Without at this time considering the overall operation of the invention, it should be apparent that for any selected metering pressure differential between the venturi vacuum, Pv, and the pressure, Pa, within reservoir 58, the "richness" of the fuel delivered by the main fuel metering system can be modulated merely by the moving of valving member 140 toward and/or away from coacting aperture means 144. That is, for any such given metering pressure differential, the greater the effective opening of aperture means 144 becomes, the greater also becomes the rate of metered fuel flow since one of the factors controlling such rate is the effective area of the metering orifice means. With the opening of orifice means 144 it can be seem that the then effective metering area of orifice means 144 is, generally, additive to the effective metering area of orifice means 78. Therefore, a comparatively increased rate of metered fuel flow is consequently discharged, through nozzle 50, into the induction passage means 34. The converse is also true; that is, as aperture means 144 is more nearly or totally closed, the total effective main fuel metering area decreases and approaches that effective metering area determined by metering means 78. Consequently, the total rate of metered main fuel flow decreases and a comparatively decreased rate of metered fuel flow is discharged through nozzle 50, into the induction passage 34.
As shown, chamber 106 and 124 are each in communication with conduit means 152, as via conduit means 154 and 156, respectively.
As illustrated in FIG. 1, conduit means 152 is placed in communication with associated conduit means 158 effective for conveying a fluid control pressure to said conduit 152 and chambers 106 and 124. For purposes of illustration, such control pressure will be considered as being sub-atmospheric and to that extent a control vacuum, Vc, the magnitude of which, of course, increases as the absolute value of the control pressure decreases.
FIG. 1 also illustrates suitable logic control means 160 which, as contemplated in the preferred mode of operation of the invention, may be electrical logic control means having suitable electrical signal conveying conductor means 162, 164, 166 and 168 leading thereto for applying electrical input signals, reflective of selected operating parameters, to the circuitry of logic means 160. It should, of course, be apparent that such input signals may convey the required information in terms of the magnitude of the signal as well as conveying information by the absence of the signal itself. Output electrical conductor means, as at 170, serves to convey the output electrical control signal from the logic means 160 to associated electrically-operated control valve means 172. A suitable source of electrical potential 174 is shown as being electrically connected to logic means 160, while control valve means 172 may be electrically grounded, as at 176.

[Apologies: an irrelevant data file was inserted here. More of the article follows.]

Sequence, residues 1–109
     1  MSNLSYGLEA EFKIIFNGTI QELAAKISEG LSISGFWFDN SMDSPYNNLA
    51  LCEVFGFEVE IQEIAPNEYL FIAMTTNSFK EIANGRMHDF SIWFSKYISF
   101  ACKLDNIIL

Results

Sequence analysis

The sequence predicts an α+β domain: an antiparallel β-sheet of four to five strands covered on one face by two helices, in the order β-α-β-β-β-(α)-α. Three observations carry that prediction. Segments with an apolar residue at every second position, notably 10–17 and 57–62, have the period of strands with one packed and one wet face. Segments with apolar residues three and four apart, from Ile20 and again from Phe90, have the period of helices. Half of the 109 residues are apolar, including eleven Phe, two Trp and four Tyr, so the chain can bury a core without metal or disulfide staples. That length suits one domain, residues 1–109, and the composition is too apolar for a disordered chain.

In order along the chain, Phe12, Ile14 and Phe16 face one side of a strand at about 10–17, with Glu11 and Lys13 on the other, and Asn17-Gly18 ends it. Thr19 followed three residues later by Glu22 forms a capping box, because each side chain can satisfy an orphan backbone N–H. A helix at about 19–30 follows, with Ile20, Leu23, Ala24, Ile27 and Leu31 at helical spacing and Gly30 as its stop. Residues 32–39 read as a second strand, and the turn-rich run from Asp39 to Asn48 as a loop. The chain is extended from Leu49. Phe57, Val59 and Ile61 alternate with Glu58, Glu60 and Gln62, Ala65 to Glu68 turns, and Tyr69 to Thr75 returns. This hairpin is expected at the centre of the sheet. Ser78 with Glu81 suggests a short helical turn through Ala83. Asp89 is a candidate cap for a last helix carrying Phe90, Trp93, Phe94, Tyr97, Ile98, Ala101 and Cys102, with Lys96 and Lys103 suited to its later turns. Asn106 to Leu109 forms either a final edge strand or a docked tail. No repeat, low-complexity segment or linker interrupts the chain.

In the preferred embodiment, the various electrical conductor means 162, 164, 166 and 168 are respectively connected to parameter sensing and transducer signal producing means 178, 180 and 182. In the embodiment shown, the means 178 comprises oxygen sensor means communicating with exhaust conduit means 22 at a point generally upstream of a catalytic converter 184. The transducer means 180 may comprise electrical switch means situated as to be actuated by cooperating lever means 186 fixedly carried, as by the throttle shaft 54, and swingably rotatable therewith into and out of operating engagement with switch means 180, in order to thereby provide a signal indicative of the throttle 52 having attained a preselected position.
The transducer 182 may comprise suitable temperature responsive means, such as, for example, thermocouple means, effective for sensing engine temperature and creating an electrical signal in accordance therewith.
A vacuum reservoir or tank 188 is shown being preferably operatively connected and in communication with control valve 172, as by conduit means 190, and with the interior of the intake manifold 26 (serving as a source of engine or manifold vacuum, Pm) as by conduit means 192.